A Look at the Anti-ICERD Rally From Both Sides
Human rights activists as well as certain quarters of the newly minted cabinet proposed to the Malaysian government to ratify the International Convention on the Elimination of All of Racial Discrimination (ICERD). The United Nations convention ensures that everyone, irrespective of their race, would be entitled to equal rights, a concept that potentially clashes with Malaysia’s constitution which allows for affirmative action for Bumiputeras since the 1970s.
On 23 November 2018, the Prime Minister’s office announced that the new government would not ratify ICERD. Some have said that this move was motivated by the desire to preserve peace in the new government.
On the same day, Dr Mahathir was reported saying that ICERD could not be ratified by the government as it would contradict Article 153 of the Federal Constitution and explained that the article which granted privileges to the indigenous community could not be amended at the moment, despite acknowledging that it promoted freedom and eliminated (in principle at least) discrimination. Complicating matters, his government does not have a two-thirds majority in parliament and opposition leaders from Barisan Nasional are strongly opposed to ICERD.
A fence separates two sides and on one, there are those who think ICERD should be implemented, like former advisor of DAP and current MP for Iskandar Puteri, Lim Kit Siang. The biggest opposers of the ICERD came from Islamic party PAS, whose stronghold is in the rural areas of northeast peninsular Malaysia. This disparity of thought and philosophy seems to be between rural versus urban centres and is an issue consistently shared with many nations that are modernising. Lim questioned its leader, Datuk Seri Abdul Hadi Awang in parliament and asked for an explanation for their opposition, explaining that 55 Islamic countries have already ratified ICERD.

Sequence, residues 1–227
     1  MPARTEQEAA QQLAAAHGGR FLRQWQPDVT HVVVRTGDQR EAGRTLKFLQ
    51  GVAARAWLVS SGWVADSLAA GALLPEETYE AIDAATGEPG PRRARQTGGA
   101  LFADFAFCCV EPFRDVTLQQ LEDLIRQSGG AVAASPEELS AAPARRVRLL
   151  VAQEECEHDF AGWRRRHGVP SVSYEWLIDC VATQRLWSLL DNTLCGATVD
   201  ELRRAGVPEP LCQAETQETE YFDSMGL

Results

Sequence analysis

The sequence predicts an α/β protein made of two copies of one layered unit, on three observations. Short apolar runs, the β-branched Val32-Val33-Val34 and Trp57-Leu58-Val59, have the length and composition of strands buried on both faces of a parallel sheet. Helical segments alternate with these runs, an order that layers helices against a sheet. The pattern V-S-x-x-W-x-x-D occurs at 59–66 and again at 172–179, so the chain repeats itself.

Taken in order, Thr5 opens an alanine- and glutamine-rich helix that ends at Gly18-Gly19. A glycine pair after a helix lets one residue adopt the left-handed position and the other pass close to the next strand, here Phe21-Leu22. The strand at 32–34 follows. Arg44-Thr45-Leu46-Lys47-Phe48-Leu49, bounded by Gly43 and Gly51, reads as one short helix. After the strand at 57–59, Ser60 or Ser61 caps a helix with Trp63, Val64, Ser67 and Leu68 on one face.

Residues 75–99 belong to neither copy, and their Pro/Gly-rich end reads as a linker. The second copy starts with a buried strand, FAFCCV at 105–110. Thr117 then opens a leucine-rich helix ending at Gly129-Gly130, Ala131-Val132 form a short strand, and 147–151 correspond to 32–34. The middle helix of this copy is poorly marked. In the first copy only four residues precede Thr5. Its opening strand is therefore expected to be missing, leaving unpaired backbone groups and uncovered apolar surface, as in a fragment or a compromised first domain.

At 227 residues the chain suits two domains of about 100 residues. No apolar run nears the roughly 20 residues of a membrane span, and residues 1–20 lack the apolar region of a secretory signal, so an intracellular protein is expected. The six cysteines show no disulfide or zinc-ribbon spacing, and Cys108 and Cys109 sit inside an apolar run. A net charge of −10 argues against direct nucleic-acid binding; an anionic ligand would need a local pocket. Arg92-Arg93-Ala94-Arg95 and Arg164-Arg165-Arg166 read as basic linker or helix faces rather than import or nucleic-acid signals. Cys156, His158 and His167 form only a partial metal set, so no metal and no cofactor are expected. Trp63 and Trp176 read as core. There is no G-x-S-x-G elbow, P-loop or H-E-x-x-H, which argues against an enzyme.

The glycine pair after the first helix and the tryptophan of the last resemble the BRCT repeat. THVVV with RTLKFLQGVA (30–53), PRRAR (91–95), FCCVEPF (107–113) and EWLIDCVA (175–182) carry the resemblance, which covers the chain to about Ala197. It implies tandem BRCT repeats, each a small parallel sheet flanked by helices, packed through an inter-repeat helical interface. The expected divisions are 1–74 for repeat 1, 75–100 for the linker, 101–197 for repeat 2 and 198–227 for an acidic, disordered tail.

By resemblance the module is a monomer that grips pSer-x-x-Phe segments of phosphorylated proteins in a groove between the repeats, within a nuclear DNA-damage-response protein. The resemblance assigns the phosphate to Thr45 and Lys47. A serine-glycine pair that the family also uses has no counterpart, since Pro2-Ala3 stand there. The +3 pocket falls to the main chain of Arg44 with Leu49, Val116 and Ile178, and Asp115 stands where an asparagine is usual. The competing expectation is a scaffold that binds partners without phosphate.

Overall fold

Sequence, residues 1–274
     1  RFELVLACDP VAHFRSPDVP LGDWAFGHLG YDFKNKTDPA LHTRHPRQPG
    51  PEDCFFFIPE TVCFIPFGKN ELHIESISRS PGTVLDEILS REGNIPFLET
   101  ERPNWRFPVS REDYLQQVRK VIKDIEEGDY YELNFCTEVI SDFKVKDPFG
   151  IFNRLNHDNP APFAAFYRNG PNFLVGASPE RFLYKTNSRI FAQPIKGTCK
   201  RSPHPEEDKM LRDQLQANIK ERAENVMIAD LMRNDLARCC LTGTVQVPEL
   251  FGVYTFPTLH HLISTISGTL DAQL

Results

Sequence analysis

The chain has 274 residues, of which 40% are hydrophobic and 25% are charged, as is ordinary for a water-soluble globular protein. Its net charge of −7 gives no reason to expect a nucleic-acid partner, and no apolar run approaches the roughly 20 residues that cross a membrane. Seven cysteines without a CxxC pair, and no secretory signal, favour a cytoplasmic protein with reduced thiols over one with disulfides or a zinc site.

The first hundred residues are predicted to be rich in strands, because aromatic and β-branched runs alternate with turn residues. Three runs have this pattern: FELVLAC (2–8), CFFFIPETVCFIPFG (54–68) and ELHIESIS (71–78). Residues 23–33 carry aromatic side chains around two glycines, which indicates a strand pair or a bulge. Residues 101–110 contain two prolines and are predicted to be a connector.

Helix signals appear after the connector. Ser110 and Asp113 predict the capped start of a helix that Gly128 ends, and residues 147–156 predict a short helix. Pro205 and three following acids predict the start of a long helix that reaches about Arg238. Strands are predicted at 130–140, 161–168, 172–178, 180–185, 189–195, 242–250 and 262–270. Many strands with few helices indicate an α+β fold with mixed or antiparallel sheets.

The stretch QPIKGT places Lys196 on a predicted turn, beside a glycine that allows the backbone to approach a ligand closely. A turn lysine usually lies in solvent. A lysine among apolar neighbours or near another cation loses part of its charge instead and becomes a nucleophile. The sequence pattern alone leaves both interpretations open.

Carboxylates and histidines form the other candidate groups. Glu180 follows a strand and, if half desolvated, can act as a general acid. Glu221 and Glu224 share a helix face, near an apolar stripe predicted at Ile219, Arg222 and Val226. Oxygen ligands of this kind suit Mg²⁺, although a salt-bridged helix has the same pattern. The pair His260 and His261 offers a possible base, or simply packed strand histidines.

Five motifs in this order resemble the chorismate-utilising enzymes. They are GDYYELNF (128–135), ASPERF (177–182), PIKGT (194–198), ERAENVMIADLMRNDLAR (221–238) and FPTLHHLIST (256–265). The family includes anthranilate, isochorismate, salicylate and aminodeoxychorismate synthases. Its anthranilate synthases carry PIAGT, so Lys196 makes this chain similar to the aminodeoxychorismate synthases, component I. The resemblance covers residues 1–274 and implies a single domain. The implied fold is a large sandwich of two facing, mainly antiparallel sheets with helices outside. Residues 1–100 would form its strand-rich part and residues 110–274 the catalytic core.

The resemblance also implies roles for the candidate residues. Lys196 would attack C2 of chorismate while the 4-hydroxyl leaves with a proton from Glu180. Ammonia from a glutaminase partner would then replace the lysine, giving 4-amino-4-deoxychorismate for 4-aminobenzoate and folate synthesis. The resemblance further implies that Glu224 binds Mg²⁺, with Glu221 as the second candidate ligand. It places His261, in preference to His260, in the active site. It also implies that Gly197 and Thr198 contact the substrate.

In response, Abdul Hadi said it was compulsory for Muslims (citing religious duty) to oppose ICERD as its ratification is neither religious nor humane. He added that implementing ICERD would place Islam on an equal footing with other religions in the country and that it encourages people to forsake religion and morals. He also sees ICERD as a Zionist agenda and said that the rally would “save Malaysia from being re-colonised”. However, Abdul Hadi neglected to mention whom he felt was the coloniser in this context.
The anti-ICERD rally is scheduled to take place at Dataran Merdeka in Kuala Lumpur on 8 December 2018 with the intended purpose of celebrating the government’s decision to not ratify ICERD. This move has garnered immense support, especially from Barisan Nasional leaders. Beleaguered former Prime Minister Datuk Seri Najib Razak, fresh from his indictments from MACC, was among those who pledged his attendance for the event which is expected to draw over 500,000 participants.
With the support of UMNO and several other Malay NGOs, PAS has even declared Saturday a public holiday in the state of Kelantan so that its citizens can join the rally. Terengganu, which is run by the same party is expected to follow suit.
Another rally organised by the Human Rights Commission (SUHAKAM) to celebrate human rights on the same day (but at a different venue) has been postponed, citing serious security risks that bordered on national security. Prime Minister Tun Dr Mahathir Mohamed was originally scheduled to attend the SUHAKAM rally on 8 December. The gathering has now been postponed to the same time on 9 December.
Another nation taking the rallies seriously is Singapore. Their Ministry of Foreign Affairs has advised that all Singaporeans defer all non-essential travel to Kuala Lumpur. “As with large congregations or demonstrations, there is a possibility that limited and isolated skirmishes might take place,” said a statement which added that Singaporeans should stay vigilant and avoid large gatherings.
Upholding their commitment to free speech, the new administration has committed to not preventing any of the gatherings from taking place.
Source: The Star, New Straits Times, SUHAKAM
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